Human rights due diligence regulation could also provide an avenue to prevent parties from unilaterally exercising contractual rights. The UNGPs and OECD guidelines both stipulate that companies must consult with stakeholders and take into account human rights impacts when exercising their contractual rights. Even though they are not legally binding, these guidelines have been internationally acknowledged and endorsed by states and international organisations. Many companies adopted principles similar or with reference to these guidelines in their internal codes of conduct. As long as they are not legally binding, however, brands can simply choose to ignore these standards.

Compliance on the business side is far behind what the UNGPs and OECD guidelines envisage. This is why recently, European-wide debate on binding due diligence instruments broke out. France has already adopted the loi de vigilance in 2017. Switzerland has just voted against adopting a binding due diligence law. The debate in Germany is still ongoing. In parallel, the European Commission has also begun the process of drafting EU-wide mandatory due diligence legislation. If mandatory human rights due diligence instruments are adopted at the EU level, this will have a number of consequences for businesses. For example, companies will have to take into account adverse human rights impacts of their decisions before abruptly terminating a contract. Businesses will be pushed to engage with relevant stakeholders – and held accountable if they fail to do so. This could lead to a situation in which the interests of the supplier, the workers and the apparel brand are better balanced. 


Solution 4: Towards a relational interpretation of force majeure

Finally, courts could move towards a ‘relational’ interpretation of contractual obligations and force majeure. Orthodox contract law, with party autonomy at its heart, could be re-interpreted in light of the political economy in which global supply chain contracts are embedded. The emphasis on contractual autonomy, especially when it enables such one-sided clauses, is fuelling the economic domination of brands from the Global North in the apparel sector to the detriment of the companies (and workers) of the Global South that produce their clothes. It does not, however, account for the real power relationships and responsibilities in global supply chains.[2]

The consequence would be to move away from a blind deference to force majeure clauses and unilateral cancelling powers. Instead, the parties to the contract should be constrained to bear a fair share of the losses caused by the pandemic, based on their resources and with the objective of mitigating the human rights risks triggered by the cancellation of orders.

In order to achieve such a ‘relational’ interpretation of contractual obligations, party autonomy would have to be interpreted in a way that reflects the imbalance of economic power between the parties to supply chain contracts. While it is true in principle that these cases concern B2B transactions, in practice contracts between global brands and suppliers in the Global South are much more similar to other contractual situations in which the power imbalance calls for special treatment of one of the parties (such as in labour or consumer contracts).

Effectively, the courts could apply a proportionality analysis: Does the economic interest of the apparel brand outweigh the consequences which triggering a force majeure clause could have?

Such a ‘proportionality’ analysis is not alien to the interpretation of force majeure clauses. According to Berger and Behn, where events are so exceptional and extraneous to the contract that, absent a specific risk assumption in the contract, neither party shall bear the full risk emanating from such crisis; instead, the risk should be shared by the parties. Berger and Behn argue that while under “normal circumstances”, a strict application of force majeure reflects the parties’ autonomy, this notion of self-determination loses its justification in the context of a global pandemic.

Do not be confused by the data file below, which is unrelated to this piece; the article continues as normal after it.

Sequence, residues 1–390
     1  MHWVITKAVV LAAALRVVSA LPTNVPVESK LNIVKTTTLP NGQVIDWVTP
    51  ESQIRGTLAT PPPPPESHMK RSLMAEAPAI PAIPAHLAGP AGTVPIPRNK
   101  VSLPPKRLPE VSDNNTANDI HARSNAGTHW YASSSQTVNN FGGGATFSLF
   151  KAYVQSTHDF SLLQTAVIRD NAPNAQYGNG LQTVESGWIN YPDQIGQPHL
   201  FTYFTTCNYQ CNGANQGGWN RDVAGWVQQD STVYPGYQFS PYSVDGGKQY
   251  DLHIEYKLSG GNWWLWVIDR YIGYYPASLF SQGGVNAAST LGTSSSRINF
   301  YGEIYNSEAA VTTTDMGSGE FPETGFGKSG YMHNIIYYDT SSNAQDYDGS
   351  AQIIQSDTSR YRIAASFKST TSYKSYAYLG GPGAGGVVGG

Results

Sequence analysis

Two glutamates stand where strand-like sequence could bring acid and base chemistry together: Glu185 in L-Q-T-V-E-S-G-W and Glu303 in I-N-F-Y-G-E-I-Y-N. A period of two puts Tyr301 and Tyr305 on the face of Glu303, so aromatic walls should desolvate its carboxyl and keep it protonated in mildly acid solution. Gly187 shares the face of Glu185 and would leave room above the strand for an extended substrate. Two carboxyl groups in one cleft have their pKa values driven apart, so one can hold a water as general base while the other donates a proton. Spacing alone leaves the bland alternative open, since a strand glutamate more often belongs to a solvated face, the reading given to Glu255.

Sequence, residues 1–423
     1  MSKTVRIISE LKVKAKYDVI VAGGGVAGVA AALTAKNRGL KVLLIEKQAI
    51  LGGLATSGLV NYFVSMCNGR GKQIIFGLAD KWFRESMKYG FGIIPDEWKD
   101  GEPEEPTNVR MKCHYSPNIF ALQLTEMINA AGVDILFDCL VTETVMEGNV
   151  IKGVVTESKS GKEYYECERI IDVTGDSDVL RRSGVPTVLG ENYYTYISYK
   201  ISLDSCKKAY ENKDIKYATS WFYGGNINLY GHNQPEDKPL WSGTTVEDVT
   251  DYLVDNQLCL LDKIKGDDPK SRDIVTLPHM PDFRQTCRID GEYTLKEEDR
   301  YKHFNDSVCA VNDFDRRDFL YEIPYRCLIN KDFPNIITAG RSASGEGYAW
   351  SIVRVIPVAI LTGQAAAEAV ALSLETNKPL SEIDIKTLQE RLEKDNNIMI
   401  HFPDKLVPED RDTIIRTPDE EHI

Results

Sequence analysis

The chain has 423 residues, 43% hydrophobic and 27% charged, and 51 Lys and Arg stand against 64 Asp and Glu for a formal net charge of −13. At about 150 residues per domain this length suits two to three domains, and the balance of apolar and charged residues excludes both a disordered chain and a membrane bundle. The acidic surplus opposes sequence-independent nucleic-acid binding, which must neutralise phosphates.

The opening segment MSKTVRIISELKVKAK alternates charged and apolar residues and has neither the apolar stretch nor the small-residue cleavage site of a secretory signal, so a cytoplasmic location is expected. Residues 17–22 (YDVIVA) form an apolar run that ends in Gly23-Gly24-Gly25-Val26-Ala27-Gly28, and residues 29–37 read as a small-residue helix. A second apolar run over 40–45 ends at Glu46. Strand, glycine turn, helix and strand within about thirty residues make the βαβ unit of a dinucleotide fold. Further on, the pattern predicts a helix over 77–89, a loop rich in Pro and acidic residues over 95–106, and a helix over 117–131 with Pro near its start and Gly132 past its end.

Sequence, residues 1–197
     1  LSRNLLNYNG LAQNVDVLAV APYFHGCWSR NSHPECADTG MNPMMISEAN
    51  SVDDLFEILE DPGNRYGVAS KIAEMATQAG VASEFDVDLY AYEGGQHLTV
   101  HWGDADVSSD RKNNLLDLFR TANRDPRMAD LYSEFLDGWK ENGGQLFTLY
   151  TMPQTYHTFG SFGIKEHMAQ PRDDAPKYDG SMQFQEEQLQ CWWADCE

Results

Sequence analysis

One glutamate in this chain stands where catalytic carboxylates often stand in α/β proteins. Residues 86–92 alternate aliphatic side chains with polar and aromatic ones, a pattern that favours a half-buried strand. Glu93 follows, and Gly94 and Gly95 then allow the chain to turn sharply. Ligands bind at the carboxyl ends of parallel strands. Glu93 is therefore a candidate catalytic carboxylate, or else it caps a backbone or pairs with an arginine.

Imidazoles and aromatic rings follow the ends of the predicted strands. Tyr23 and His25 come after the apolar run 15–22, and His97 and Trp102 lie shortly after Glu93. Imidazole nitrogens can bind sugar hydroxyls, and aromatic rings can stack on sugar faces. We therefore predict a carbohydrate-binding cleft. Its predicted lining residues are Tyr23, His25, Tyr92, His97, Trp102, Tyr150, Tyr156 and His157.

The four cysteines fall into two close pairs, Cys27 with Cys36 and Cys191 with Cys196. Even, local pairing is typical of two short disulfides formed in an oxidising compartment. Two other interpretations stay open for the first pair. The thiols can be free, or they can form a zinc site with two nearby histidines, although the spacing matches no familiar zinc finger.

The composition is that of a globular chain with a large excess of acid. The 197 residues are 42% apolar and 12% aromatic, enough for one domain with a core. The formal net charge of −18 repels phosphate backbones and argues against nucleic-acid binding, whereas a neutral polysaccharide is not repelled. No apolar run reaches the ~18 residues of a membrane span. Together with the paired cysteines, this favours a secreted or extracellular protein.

Such a re-interpretation of force majeure clauses would serve to ensure that the rights of thousands of garment workers in Bangladesh or elsewhere are duly considered in the economic decision-making of brands. This would go some way to publicizing supply chain contracts by disconnecting them from a simple economic calculus to embed them in their diverse social contexts.[3] Accordingly, a relational, co-operative approach to supply chain contracts would better reflects the collective impact of the pandemic on all interests involved.



The large-scale cancellation of orders has had a devastating effect on suppliers and their workers. Instead of bearing a fair share of the cost of the pandemic, brands managed to shift most of the economic risk to the bottom of the supply chain by invoking discretionary clauses enshrined in unilaterally negotiated contracts.

While some companies have voluntarily committed to supporting their suppliers by refraining from exercising their contractual rights. Many others did not – despite public outcry and government guidance. Thus, voluntary commitments seem insufficient, be it in the form of internal codes of conduct, or in the form of internationally approved non-binding guidelines. Two other options would be available to shift risks onto the brands inside garment supply chains. On the one hand, mandatory human rights due diligence, with the threat of civil liability in case of failure to comply, would force companies to show greater care for the negative impacts of their decisions on their business partners (and their workers). On the other hand, courts could decide to interpret contract law in such a way that would reflect the imbalance of power between parties in supply chain contracts. Thus, moving away from pure party autonomy to a ‘relational’ interpretation of contractual clauses. Consequently, a business would not be allowed to exercise a contractual right at all cost for the weaker party to the supply chain contract.

[1] Locke, Richard and Amengual, Matthew and Mangla, Akshay, Virtue Out of Necessity?: Compliance, Commitment and the Improvement of Labor Conditions in Global Supply Chains (October 3, 2008). MIT Sloan Research Paper No. 4719-08, Available at SSRN: or

[2] Cf. A. Claire Cutler and Thomas Dietz, The Politics of Private Transnational Governance by Contract: Introduction and Analytical Framework, in: A. Claire Cutler & Thomas Dietz (eds.), ‘The politics of private transnational governance by contract’, p. 80.

[3] A. Claire Cutler and Thomas Dietz, The Politics of Private Transnational Governance by Contract: Introduction and Analytical Framework, in: A. Claire Cutler & Thomas Dietz (eds.), ‘The politics of private transnational governance by contract’, p. 5.